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Small scale entropy and information loss

  1. Sep 10, 2013 #1

    anorlunda

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    I'm struggling to understand the implications and origins of the 2nd law.

    Entropy is such a slippery subject. Wikipedia has many many definitions of entropy. I've been studying Professor Susskind physics lectures, so I'm most interested in his favorite definition: that information is conserved but entropy is a measure of hidden information. I also know that entropy is only supposed to be a macro concept, but I can't help thinking about it on the micro level.

    Suppose we have two particles that come together and merge. Particle 1 with momentum p1 and particle 2 with momentum p2. After collision the product is particle 3 with momentum p3 and particle 4 with momentum p4. It should work with any particles, but I'm thinking of electrons and photons.

    Let us say that the collision conserves mass, energy and momentum, but I'll only consider momentum.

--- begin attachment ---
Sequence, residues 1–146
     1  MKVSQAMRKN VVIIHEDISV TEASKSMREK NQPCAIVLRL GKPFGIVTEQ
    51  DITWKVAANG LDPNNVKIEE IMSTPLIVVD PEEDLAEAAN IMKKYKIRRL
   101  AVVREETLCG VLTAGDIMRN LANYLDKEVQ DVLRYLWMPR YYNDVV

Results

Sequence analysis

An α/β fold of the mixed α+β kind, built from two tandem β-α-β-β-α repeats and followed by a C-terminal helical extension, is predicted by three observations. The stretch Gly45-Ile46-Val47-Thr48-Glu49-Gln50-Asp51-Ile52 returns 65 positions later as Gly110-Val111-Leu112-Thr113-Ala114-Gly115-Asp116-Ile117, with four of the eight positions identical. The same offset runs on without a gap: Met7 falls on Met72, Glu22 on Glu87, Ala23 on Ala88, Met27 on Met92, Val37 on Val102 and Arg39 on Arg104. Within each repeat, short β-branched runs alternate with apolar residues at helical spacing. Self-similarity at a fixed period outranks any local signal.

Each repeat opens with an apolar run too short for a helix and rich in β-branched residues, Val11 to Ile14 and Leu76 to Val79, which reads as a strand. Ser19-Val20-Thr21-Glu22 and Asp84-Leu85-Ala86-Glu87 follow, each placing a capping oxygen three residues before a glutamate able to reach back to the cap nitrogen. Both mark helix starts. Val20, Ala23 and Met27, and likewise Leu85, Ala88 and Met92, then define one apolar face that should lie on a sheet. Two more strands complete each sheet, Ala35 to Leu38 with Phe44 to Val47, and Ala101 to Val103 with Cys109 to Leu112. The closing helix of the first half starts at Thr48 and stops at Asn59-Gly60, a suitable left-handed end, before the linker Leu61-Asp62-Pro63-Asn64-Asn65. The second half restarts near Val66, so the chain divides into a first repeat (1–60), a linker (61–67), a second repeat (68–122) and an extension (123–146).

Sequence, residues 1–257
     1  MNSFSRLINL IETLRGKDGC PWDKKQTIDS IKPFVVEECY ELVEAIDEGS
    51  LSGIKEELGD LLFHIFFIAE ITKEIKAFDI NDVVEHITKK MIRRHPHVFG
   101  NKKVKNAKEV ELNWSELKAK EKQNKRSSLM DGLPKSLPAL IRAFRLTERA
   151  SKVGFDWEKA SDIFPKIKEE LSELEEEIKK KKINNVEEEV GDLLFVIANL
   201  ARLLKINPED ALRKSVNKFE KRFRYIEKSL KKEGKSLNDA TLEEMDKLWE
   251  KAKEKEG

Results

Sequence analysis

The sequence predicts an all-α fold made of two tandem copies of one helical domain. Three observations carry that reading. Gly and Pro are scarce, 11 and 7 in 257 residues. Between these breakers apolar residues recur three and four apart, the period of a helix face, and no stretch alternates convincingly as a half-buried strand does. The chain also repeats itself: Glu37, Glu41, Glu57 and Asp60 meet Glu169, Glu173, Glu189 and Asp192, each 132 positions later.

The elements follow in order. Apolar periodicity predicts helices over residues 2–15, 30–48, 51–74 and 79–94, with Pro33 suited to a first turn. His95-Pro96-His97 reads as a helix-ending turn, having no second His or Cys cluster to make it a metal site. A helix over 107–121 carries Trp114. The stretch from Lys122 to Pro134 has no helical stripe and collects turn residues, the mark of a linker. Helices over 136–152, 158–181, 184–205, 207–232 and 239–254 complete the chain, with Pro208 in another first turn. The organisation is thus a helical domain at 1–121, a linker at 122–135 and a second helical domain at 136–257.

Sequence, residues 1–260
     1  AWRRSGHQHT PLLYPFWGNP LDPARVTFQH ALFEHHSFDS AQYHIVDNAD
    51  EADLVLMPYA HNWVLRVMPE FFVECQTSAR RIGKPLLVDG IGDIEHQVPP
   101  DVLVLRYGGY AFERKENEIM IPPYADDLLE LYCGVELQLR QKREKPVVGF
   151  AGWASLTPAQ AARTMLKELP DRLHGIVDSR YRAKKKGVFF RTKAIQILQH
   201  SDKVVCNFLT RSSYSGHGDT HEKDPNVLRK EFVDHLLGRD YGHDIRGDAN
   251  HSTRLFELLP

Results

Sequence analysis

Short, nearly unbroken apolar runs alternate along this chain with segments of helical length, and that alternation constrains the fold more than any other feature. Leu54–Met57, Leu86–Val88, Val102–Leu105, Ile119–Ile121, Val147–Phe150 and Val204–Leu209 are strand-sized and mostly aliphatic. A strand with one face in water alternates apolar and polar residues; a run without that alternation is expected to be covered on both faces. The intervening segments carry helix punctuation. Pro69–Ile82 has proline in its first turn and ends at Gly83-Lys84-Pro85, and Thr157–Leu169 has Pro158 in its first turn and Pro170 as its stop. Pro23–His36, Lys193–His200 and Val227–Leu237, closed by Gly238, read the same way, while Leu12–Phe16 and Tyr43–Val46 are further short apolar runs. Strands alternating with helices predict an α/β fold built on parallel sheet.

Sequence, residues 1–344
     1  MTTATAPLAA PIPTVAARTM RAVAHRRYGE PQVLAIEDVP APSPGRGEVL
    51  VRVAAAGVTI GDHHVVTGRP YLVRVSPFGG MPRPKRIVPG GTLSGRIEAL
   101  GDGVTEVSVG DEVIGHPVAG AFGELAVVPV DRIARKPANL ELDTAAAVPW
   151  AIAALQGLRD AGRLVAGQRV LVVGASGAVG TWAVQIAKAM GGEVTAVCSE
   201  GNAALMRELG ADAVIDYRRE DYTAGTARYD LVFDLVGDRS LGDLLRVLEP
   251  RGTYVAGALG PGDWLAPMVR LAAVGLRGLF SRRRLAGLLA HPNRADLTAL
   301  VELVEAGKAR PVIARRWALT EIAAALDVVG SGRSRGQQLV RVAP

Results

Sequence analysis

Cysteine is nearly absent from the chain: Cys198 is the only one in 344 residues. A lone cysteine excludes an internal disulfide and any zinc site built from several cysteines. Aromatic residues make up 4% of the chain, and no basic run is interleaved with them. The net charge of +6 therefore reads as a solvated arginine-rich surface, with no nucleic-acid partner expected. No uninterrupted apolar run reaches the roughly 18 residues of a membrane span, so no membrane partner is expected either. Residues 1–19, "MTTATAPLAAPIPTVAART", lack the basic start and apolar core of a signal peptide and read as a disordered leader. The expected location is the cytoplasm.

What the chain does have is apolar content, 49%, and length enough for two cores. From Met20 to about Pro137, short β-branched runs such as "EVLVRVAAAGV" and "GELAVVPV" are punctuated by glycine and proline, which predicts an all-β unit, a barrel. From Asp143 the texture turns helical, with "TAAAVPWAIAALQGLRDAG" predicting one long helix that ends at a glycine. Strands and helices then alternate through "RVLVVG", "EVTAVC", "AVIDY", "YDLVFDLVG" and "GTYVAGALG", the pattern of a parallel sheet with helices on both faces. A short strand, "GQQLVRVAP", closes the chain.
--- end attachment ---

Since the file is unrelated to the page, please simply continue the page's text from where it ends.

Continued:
Conservation of momentum gives us the vector equation (p3+p4)=(p1+p2). p3 and p4 are observable. However, there are an infinite number of values of p1 and p2 that satisfy (p3+p4)=(p1+p2). The information of which specific p1 and p2 we started with is lost, or at least hidden. Right?

    Does the entropy of this system increase because of the collision? On one hand, the quantity of information seems the same. i.e. the values of p1 and p2 pre-collision versus the values of p3 and p4 post-collision. However, the specific values of both p1 and p2 can not be observed post collision. In other words, the number of bits needed to describe the momenta seems conserved, but the message encoded by the pre-collision bits is destroyed.

    The next logical step is to consider time reversal symmetry and reversibility of the 2nd law, which led me to Loschmidt's paradox. I confess the the explanations in that article are beyond my understanding, so I'll limit my question.

    Is this way of thinking about particles, information and entropy valid?
     
  2. jcsd
  3. Sep 10, 2013 #2

    mfb

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    In general, that classical (!) collision of point-like particles (!) will conserve the information content. Afterwards, you don't know p1 and p2 - but before, you don't know p3 and p4, so you have the same amount of knowledge.
     
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